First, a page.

Category: Food Media (Page 2 of 4)

Life Below Stairs Answered Many Of My Questions About Downton Abbey

I haven’t seen very many episodes of Downton Abbey, but the episodes that I did watch left me curious about life during the Edwardian era. When a topic peaks my curiosity, I obsessively search for information and learn as much as I can. I spent many an hour Googling questions such as, “How accurate is Downton Abbey” and “What was life really like for Edwardian servants.” When I found the little book Life Below Stairs: True Lives of Edwardian Servants at our libraryI eagerly checked it out.

This book truly is little. Online reviews critique it for not being very thorough, not going into enough detail, and lacking photos. While I can’t really argue with these criticisms, I found this a quick and interesting read. I knew absolutely nothing about life during the Victorian, Edwardian, and post-Edwardian eras and enjoyed reading an overview of the basics. It’s continued to pique my curiosity on the subject, though. I just requested Margaret Powell’s memoir Below Stairs detailing her experiences as a kitchen maid and cook.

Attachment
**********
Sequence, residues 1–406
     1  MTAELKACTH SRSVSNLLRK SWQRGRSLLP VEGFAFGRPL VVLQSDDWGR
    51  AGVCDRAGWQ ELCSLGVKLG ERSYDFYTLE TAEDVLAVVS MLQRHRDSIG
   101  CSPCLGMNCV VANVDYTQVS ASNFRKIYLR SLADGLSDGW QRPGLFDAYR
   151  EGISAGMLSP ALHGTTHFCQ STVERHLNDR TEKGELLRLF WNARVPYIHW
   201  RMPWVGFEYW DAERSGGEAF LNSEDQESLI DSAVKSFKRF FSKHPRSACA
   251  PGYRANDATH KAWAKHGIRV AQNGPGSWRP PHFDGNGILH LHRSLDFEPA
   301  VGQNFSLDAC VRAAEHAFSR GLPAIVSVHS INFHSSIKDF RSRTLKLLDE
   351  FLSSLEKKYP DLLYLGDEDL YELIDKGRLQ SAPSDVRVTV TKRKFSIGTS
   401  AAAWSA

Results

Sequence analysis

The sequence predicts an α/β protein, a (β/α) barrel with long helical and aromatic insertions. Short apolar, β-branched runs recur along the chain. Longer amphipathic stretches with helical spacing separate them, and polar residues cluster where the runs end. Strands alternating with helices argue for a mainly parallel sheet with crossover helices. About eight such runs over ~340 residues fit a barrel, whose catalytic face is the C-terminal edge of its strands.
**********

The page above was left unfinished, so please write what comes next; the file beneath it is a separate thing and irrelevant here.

Here are some of the most interesting things I learned from reading Life Below Stairs:

Young women who wanted to enter maid service spent years saving for their first uniforms. A “print dress, a black dress and several white aprons” could cost two years’ wage (p. 61). Sometimes families bought their staff fabric each year for a new uniform, but the servant had to either sew an outfit on their own time or pay someone else from their meager wages (p. 67).